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Specialist dementia care nurse Gaynor Harrison sums up her busy first year at Nautilus Mariners' Park as 'helping people make sense of change'.
Her main role is to act as a consultant supporting the staff who care for residents with dementia – whether the residents live in the Mariners' Park Care Home, the Trinity House Hub or the wider community.
Admiral nurse Gaynor works part-time over 18 hours in a role funded for two years by the Nautilus Welfare Fund, Trinity House, and Seafarers Hospital Society, which means two nine-hour days a week at Mariners' Park.
In the Mariners' Park Care Home this means working with care staff to address any difficulties a resident might have. Out in the community, it is about assisting staff who work with families to help them live well with dementia, and to be able to stay together at home. That can involve assessments, writing to GPs to ask for referrals to various services, and deciding on what support mechanisms can be put in place to keep people living at home for as long as they can.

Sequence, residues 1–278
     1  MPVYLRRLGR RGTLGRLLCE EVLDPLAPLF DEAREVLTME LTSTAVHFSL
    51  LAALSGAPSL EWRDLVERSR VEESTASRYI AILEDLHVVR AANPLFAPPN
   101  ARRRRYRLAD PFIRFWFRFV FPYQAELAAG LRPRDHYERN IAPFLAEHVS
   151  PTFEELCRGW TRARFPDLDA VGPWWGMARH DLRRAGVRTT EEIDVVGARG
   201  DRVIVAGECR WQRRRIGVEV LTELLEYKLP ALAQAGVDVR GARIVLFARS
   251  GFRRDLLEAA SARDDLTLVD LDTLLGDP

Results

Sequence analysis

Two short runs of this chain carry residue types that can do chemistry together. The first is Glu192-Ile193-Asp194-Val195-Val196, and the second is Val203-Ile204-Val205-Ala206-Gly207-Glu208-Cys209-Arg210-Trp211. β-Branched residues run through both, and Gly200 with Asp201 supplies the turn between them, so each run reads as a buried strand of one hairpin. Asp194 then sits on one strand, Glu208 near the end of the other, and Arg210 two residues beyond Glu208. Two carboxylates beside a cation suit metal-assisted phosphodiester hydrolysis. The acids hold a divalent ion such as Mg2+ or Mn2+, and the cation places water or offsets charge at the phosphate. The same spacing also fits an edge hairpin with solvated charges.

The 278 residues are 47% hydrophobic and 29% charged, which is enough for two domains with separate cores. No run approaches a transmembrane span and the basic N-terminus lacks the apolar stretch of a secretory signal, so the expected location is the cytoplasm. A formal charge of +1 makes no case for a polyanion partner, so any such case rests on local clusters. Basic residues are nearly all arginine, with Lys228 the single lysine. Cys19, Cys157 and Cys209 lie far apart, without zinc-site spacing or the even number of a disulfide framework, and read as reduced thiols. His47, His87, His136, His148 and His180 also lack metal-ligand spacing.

'You have to be quite creative in terms of accessing services in the community, because care is in crisis as a whole and there are almost no services,' Gaynor says. 'It is often about pulling in support from charities.'
Gaynor acknowledges that the difficulties and guilt families face when transitioning their loved one into care can be akin to bereavement. Her key advice to them is not to suffer alone. It is also important get a formal diagnosis to access support services and benefits.
Covid-19 challenges include the lack of usual social interaction for family members who often used to meet up at the Care Home for moral support. For that reason, Gaynor has started a safe face to face support group for families at the Trinity House Hub. The Care Home also has a beautiful sensory garden where it is safer to meet.